Date of Award

12-2012

Document Type

Thesis

Degree Name

Master of Parks, Recreation and Tourism Management (MPRTM)

Legacy Department

Parks, Recreation, and Tourism Management

Advisor

Powell, Robert B

Committee Member

Stern , Marc J

Committee Member

Hallo , Jeffrey C

Abstract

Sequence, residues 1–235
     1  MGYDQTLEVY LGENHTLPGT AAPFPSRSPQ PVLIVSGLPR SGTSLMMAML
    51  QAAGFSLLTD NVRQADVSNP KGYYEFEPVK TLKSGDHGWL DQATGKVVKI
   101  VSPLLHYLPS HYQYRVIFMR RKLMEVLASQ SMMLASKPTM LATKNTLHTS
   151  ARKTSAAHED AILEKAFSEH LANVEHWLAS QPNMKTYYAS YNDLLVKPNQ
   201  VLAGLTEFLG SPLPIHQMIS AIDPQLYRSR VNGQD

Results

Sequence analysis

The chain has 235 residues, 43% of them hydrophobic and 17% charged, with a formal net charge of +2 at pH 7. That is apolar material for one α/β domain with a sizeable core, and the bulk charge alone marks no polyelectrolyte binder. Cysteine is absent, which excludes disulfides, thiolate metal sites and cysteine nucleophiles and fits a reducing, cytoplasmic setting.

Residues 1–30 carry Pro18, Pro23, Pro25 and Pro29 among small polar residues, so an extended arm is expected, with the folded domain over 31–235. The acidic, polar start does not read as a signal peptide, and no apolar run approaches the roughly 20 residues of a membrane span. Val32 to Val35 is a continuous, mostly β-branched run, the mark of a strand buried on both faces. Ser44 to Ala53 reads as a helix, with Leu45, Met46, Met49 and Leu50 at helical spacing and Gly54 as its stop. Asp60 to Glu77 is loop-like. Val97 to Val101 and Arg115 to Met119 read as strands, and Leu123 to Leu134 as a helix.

Since its inception, interpretation in parks and protected areas has been used to achieve a variety of desired visitor outcomes, including enhanced satisfaction, visitor experience, and behavioral change. A large body of literature has been developed regarding effective techniques and desirable styles for conducting interpretive programs. However, despite the amount of this literature, as interpretation progresses into the 21st century, a gap has been identified between empirical support for interpretation's “ best practices ” and their links to desired outcomes. This study aims to isolate those practices that are necessary for producing desired outcomes in national park visitors. National Park Service interpretive programs offered over the summer of 2011 are the unit of analysis and setting for this study. Quantitative analysis of these programs was employed to understand visitor reactions to various types and styles of program presentation. This was achieved using visitor surveys and researcher observations. Results led to a better understanding of specific best practices that lead to desired outcomes. Additionally, results may advance stewardship and support for individual parks and the National Park Service as a whole.

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